A 2020 Stonewall survey with a specific focus on gender identity conversion therapy found that nearly half of all respondents who underwent gender identity conversion therapy were children when it began. Some respondents reported being victims of ‘severe physical and sexual violence’, which included ‘verbal abuse, isolation, beatings, forced feeding or food deprivation, corrective rape and forced nudity’. The survey further found that those subject to such therapy were more likely to subsequently report severe mental health issues and suicide attempts.

Many religious leaders support the ban, with the Church of England stating that such practices have ‘no place in the modern world’. The Evangelical Alliance has however argued that the new legislation would restrict their religious freedoms. The latter contends that the legislation would lead to the criminalisation of supportive prayers for someone who ‘asked for help dealing with same-sex attraction they wished to resist’. Acknowledging that some individuals may choose to avail themselves of support and counselling mechanisms based on religious approaches, the UN Independent Expert on protection against violence and discrimination based on sexual orientation and gender identity has concluded that such mechanisms cannot ‘claim “conversion” as an outcome’.

IBAHRI Co-chair and Immediate Past Secretary General of the Swedish Bar Association, Anne Ramberg Dr Jur hc, commented: ‘In 2021, the banning of conversion therapy should not be a topic of conversation. The practice is fundamentally wrong. It transgresses the basic principles of human rights and advances the incorrect and harmful notion that homosexuality, transgender identity and gender diversity are illnesses to be cured, rather than an intrinsic part of a person’s being. The IBAHRI urges the UK Government to enact the ban on conversion therapy without delay. The government must recognise that such therapy is contrary to principles of equality and non-discrimination under both domestic and international law.’

Ms Ramberg added: ‘The time to outlaw conversion therapy is well overdue and should be banned wherever and whenever it takes place. It is a sinister form of abuse that is extremely traumatic for many LGBTQI+ individuals and perpetuates harmful practices seeking to erase their identity, contrary to protections provided in the law. These practices must be eradicated.’

In the Queen’s Speech during the State Opening of Parliament on 11 May 2021, the UK Government announced that it would organise a consultation before the legislation was issued. The Minister for Women and Equalities, Liz Truss, stated: ‘As a global leader on LGBT rights, this government has always been committed to stamping out the practice of conversion therapy…We want to make sure that people in this country are protected, and these proposals mean nobody will be subjected to coercive and abhorrent conversion therapy…Alongside this legislation, we will make new funding available to ensure that victims have better access to the support they need’.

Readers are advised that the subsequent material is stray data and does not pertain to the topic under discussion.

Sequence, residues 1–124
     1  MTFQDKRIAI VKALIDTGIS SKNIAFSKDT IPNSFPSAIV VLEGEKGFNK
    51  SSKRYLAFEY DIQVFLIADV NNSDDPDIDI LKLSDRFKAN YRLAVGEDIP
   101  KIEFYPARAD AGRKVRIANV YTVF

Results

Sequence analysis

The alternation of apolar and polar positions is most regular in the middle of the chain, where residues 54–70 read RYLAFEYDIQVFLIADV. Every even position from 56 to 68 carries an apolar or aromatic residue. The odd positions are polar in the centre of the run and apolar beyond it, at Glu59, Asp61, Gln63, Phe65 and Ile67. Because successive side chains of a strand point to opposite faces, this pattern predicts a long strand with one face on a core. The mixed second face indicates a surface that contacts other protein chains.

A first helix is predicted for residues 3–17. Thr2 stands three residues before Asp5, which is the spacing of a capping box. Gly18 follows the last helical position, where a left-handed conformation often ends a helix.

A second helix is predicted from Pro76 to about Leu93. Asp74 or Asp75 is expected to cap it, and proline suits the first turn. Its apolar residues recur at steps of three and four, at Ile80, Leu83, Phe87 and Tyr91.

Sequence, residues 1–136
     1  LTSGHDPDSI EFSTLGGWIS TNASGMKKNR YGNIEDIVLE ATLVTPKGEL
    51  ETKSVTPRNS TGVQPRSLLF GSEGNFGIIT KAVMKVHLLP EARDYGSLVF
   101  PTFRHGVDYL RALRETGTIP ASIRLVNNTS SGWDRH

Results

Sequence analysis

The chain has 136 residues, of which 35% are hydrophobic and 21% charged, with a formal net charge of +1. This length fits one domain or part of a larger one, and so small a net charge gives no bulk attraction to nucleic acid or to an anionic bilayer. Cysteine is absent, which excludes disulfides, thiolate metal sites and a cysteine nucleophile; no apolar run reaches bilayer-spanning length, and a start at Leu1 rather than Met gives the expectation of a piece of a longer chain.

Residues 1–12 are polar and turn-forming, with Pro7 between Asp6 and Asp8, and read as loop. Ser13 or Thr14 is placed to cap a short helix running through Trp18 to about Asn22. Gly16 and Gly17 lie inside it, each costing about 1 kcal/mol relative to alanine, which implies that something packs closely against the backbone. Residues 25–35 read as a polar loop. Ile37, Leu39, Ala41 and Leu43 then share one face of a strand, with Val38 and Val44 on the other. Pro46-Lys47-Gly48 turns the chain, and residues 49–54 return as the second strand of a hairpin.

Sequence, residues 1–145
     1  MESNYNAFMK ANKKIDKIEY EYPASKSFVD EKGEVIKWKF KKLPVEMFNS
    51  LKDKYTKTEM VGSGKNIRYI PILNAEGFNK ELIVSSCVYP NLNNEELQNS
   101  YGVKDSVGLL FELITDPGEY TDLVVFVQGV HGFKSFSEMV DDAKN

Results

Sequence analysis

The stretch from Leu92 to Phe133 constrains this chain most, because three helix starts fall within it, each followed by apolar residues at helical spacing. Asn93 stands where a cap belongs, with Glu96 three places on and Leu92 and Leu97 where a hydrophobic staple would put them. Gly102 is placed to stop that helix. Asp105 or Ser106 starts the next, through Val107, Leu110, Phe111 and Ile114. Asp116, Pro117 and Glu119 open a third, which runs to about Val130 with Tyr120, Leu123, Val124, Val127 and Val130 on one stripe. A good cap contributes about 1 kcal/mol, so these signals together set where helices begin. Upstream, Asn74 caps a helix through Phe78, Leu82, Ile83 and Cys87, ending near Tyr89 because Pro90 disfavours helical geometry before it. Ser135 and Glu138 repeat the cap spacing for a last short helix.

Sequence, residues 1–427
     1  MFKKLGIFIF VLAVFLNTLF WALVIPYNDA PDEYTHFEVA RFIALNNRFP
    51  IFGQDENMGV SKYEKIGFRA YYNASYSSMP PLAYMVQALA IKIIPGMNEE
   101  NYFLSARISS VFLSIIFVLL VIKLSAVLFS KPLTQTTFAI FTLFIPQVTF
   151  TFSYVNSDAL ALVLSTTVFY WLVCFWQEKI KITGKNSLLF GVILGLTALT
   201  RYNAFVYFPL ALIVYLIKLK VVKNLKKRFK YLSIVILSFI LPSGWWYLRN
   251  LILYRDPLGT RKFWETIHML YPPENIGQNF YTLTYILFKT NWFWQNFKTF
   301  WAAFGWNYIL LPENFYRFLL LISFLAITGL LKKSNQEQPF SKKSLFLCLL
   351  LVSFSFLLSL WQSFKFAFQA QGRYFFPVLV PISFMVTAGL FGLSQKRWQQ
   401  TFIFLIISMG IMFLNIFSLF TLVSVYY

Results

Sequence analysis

To date, only four countries – Brazil, Ecuador, Germany and Malta – have banned conversion therapy.


Notes to the Editor

  1. In May 2010, the IBAHRI passed the Resolution on Sexual Orientation and Human Rights. The Resolution recognises that discrimination against anybody on the grounds of their sexual orientation and gender identity is contrary to the fundamental principles of human rights.
  2. The International Bar Association’s Human Rights Institute (IBAHRI), established in 1995 under Founding Honorary President Nelson Mandela, is an autonomous and financially independent entity, working to promote, protect and enforce human rights under a just rule of law, and to preserve the independence of the judiciary and the legal profession worldwide.
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  4. The International Bar Association (IBA), the global voice of the legal profession, is the foremost organisation for international legal practitioners, bar associations and law societies. Established in 1947, shortly after the creation of the United Nations, it was born out of the conviction that an organisation made up of the world's bar associations could contribute to global stability and peace through the administration of justice.

    The IBA acts as a connector, enabler, and influencer, for the administration of justice, fair practice, and accountability worldwide. The IBA has collaborated on a broad range of ground-breaking, international projects with the United Nations, the European Parliament, the Council of Europe, The Commonwealth, the Organisation for Economic Co-operation and Development (OECD), the World Trade Organization, the International Monetary Fund and the World Bank, among others.